A federal safety panel concluded earlier this year that Yankees pitcher Cory Lidle died in a New York City plane crash because he and his instructor misjudged a turn.
The finding has done little to settle the legal fights which now stretch across the country.
The Oct. 11, 2006, accident killed Lidle and his instructor, rattled a city always anxious about a possible terror attack and launched court cases in Manhattan, Florida and California.
By one estimate, there are more than $63 million worth of lawsuits outstanding against Lidle’s estate, from people injured or whose homes were damaged, or insurance companies that have paid out millions of dollars in damage claims.
After the plane slammed into the building on East 72nd Street on Manhattan’s Upper East Side, it fell dozens of stories to the ground in a burning heap.
Lidle and his instructor, Tyler Stanger, had insurance policies worth $1 million each, but that is far less than the claims against the estate, said a lawyer for the Lidle family.
“It’s not enough to cover even a percentage of the claims,” said the lawyer, Todd Macaluso, who would not give an exact dollar value of the estate.
Nevertheless, Macaluso hopes to settle some of the claims in the coming months.
Lidle’s estate is being handled in a court in Florida, where the Lidles had a home, while many of the suits brought by people who were injured or saw their homes damaged were filed in New York.
In California, the Lidle family has sued the maker of the plane, Duluth, Minn.-based Cirrus Design Corp., alleging the planes had a serious problem that resulted in the crash. That case is tentatively scheduled to go to trial next spring.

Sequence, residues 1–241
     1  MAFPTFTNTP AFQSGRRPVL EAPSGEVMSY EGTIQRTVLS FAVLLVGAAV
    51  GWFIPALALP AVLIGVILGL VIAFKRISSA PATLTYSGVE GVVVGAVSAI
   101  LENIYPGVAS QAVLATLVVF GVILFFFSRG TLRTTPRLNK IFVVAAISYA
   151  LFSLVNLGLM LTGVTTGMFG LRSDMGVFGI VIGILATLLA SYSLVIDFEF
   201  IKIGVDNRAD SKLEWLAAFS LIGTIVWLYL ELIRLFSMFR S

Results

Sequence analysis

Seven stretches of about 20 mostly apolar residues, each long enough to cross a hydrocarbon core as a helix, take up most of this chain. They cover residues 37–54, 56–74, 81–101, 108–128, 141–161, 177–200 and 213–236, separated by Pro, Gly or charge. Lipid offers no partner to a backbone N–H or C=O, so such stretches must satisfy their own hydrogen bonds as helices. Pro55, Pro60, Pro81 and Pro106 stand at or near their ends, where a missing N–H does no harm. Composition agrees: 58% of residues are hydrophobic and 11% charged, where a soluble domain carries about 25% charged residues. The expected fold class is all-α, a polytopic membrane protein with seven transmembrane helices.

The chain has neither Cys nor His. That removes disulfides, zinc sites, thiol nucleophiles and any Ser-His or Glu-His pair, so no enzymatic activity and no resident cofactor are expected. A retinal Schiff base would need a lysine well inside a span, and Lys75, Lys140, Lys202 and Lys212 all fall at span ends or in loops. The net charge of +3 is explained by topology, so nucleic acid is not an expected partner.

Macaluso charged Cirrus “knew about these flight control problems … which cause the controls to lock up.”
Company official Bill King insisted the plane in question, the Cirrus SR-20, is the safest of its kind.
Macaluso said the suit against Cirrus will seek more than $100 million in total for the deaths of Stanger and Lidle, based in part on estimates that Lidle could have earned another $30 million or more in his career as a big-league starting pitcher.
Lidle, a 34-year-old righthander, died days after finishing the baseball season. He and Stanger departed from a New Jersey airport for a sightseeing trip past the Statue of Liberty and north up the East River.
Due to federal flight restrictions, the plane had to make a U-turn at a certain point in the river. The National Transportation Safety Board concluded that the two men misjudged the turn and didn’t realize their mistake until it was too late.
As the plane drifted toward Manhattan, the pilot sought to correct the turn but instead lost altitude, possibly because of aerodynamic stall, investigators said. The NTSB did not conclude who was actually at the controls when the plane crashed.
The NTSB attributed the accident to “inadequate judgment, planning and airmanship” by Lidle and Stanger. Lawyers for the Lidle family have said the NTSB is too quick to blame the pilot in crashes. After the crash, federal aviation authorities tightened restrictions in the area.
At the scene of the crash, about a month more of repairs are expected before the building is back to pre-crash condition.
Jay Dankner, an official with the building’s condominium board, said that in a matter of weeks, the protective scaffolding will be taken down and a new entrance canopy installed.
Dankner, a liability lawyer, said that despite all of the lawsuits that have resulted from the crash, the tenants have not fought each other during the long months of rebuilding.
“There’s not been one person that’s even complained about how long it’s been taking. It’s a tragic situation for everyone, but we’re back and better than ever,” he said, before reflecting on perhaps the strangest part of the experience.
“We have notoriety now. People want to live in our building, it’s called the Lidle building.’
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